Everything in Hong Kong moves fast, new buildings sprout overnight – don’t think that the enormous development in West Kowloon with its minimum of 11 new buildings is the only one occurring. Way before that emerges from the haze, the design incubator PMQ (named after its former usage as the Police Married Quarters) will open its doors with over 200 studio shops for design professionals and ‘the cube’ a newly created multipurpose performance space, and the Central Police Station will be reincarnated as a contemporary performing and visual arts hub aiming to revitalise the 16 heritage prison, magistracy and police buildings held within its site.
The new spaces will be welcomed – everyone moans about the lack of dedicated arts spaces within Hong Kong – but that’s not the end of the story. A delicate balancing act is needed to ensure these spaces are run as successfully as they might be.
Hong Kong, as a special administrative region of the People’s Republic of China isn’t a democracy even though it embraces capitalistic forces (it’s described quite aptly as ‘one administration, two systems’). Most of the existing arts buildings are under the direct control of the Leisure and Cultural Services Department, part of the government and very civil service in approach and operation.
Buildings – or hardware – are what Hong Kong does exceptionally well. It’s the software, the people that run the organisations, where the skills gaps are seen to be.
An article by CNN International last year stated:
If the PMQ and CPS are to be successful, they will need to find a way to escape from the red tape that strangles most Hong Kong cultural institutions. Virtually every public cultural institution, from the Museum of Art to the Jockey Club Creative Arts Centre, is notorious for having aloof, bureaucratic management that suffocates creativity like a wet blanket on fire.
Yet the comment at dinner reminded me of the equally dampening slowness that can occur making decisions in a truly democratic way. Of how many capital development projects in the UK have stalled for months, waiting for every viewpoint to be analysed and incorporated so that the process can be seen to be a fair one. (I sat on the Capital Panel for Arts Council England for a number of years, watching process after process stall for months.)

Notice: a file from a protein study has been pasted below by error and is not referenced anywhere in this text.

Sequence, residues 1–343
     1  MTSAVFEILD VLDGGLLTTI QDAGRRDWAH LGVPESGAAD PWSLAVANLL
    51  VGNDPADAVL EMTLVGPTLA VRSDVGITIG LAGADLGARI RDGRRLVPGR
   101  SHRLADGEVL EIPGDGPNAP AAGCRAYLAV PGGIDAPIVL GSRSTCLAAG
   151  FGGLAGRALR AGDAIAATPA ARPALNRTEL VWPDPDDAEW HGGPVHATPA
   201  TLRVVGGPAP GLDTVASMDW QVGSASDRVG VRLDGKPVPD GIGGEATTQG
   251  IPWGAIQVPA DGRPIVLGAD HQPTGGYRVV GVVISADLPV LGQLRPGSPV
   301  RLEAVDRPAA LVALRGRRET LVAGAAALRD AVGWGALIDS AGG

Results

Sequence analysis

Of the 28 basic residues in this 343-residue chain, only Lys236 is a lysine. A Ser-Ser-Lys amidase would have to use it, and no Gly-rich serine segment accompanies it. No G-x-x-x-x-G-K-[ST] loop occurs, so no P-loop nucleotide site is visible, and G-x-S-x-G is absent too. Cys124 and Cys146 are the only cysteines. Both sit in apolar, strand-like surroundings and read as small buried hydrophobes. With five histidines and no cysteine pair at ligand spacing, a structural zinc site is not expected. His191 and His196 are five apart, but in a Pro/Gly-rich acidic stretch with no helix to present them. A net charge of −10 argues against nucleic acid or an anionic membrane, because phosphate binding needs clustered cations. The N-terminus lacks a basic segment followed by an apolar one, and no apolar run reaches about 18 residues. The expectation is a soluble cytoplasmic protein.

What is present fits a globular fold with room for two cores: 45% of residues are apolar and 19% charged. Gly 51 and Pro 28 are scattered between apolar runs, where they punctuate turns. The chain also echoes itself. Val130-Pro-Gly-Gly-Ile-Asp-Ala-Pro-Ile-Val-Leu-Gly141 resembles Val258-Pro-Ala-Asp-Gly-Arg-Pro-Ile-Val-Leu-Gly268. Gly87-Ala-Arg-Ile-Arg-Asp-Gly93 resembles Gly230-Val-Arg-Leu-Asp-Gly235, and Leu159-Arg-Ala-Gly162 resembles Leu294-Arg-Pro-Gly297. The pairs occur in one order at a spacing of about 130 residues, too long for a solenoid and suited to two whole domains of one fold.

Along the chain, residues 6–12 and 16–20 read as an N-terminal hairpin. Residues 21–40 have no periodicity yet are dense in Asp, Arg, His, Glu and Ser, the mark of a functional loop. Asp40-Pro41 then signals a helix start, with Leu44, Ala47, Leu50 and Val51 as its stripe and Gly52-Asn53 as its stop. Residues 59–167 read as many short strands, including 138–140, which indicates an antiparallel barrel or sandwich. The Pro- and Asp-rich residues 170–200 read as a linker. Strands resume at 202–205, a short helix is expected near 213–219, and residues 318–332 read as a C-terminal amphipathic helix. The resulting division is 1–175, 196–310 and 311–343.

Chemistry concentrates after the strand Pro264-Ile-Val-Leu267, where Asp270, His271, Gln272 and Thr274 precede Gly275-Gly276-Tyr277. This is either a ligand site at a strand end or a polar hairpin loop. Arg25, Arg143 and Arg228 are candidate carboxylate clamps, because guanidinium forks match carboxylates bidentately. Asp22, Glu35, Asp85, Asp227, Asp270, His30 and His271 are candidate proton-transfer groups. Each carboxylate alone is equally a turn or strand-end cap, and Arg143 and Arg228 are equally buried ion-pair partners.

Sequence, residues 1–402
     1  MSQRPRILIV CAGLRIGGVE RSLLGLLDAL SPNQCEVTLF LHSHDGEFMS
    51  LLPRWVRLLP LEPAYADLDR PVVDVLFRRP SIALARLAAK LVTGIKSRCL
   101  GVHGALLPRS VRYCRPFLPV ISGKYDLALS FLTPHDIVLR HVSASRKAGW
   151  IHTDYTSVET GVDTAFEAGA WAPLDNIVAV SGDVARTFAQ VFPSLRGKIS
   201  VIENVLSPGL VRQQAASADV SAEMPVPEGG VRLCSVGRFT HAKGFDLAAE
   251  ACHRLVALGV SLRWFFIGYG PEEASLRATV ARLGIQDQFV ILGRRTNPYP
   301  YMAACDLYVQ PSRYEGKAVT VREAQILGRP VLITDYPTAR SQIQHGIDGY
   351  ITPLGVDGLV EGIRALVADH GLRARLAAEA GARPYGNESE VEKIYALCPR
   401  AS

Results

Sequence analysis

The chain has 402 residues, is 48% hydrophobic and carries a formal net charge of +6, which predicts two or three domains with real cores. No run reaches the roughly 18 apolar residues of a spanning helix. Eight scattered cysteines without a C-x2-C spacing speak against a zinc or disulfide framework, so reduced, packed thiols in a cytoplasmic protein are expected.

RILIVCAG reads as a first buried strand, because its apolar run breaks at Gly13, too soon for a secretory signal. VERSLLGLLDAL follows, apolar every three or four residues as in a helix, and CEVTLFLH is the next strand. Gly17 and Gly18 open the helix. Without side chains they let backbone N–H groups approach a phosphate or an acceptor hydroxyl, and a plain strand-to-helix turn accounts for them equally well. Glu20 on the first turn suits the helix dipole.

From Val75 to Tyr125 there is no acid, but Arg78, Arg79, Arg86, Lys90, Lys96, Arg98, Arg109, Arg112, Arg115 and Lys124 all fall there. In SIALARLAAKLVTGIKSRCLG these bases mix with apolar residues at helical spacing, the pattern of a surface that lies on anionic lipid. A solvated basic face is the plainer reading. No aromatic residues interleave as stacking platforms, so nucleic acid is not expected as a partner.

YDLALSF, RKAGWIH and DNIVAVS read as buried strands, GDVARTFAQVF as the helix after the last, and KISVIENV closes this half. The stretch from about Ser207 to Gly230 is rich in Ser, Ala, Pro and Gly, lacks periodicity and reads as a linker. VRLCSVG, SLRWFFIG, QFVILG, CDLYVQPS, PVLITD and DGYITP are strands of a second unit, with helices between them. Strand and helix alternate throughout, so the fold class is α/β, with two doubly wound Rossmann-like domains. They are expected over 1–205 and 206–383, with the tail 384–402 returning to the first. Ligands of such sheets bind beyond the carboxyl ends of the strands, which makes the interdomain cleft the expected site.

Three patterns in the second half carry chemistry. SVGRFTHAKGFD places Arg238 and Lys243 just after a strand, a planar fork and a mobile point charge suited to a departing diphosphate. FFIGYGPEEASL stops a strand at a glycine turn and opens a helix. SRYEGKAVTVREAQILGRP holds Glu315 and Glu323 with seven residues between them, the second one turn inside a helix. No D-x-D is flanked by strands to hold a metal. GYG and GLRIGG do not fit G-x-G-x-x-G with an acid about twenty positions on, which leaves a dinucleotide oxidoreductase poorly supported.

I was taken back to a session I was involved in running last year – on democracy and hierarchy. We exploded the simplistic concept of an axis running from one to another and looked instead at a matrix where organisations could operate in many more ways: high hierarchy and high democracy; high hierarchy and low democracy; low hierarchy and high democracy; and low hierarchy and low democracy, for example.
We placed people in groups, against their pre-existing preferences and made them complete a simple task. Their rules were as follows:
Low democracy, high hierarchy – There is a determined hierarchy of decision-making and responsibility. There is no democratic process involved. You are in a hierarchy, your place in the hierarchy is shown by the number on your sticker. Please stick to it for the duration of the task – number one is ultimately responsible for all decisions. Other members can only take action in accordance with delegated authority from the number above them.
High democracy, high hierarchy – There is a determined hierarchy of decision-making and responsibility and a strong commitment to democratic process. You must establish a hierarchy and stick to it for the duration of the task, and you must do so democratically. Whilst delivering the task, please use democratic processes when appropriate.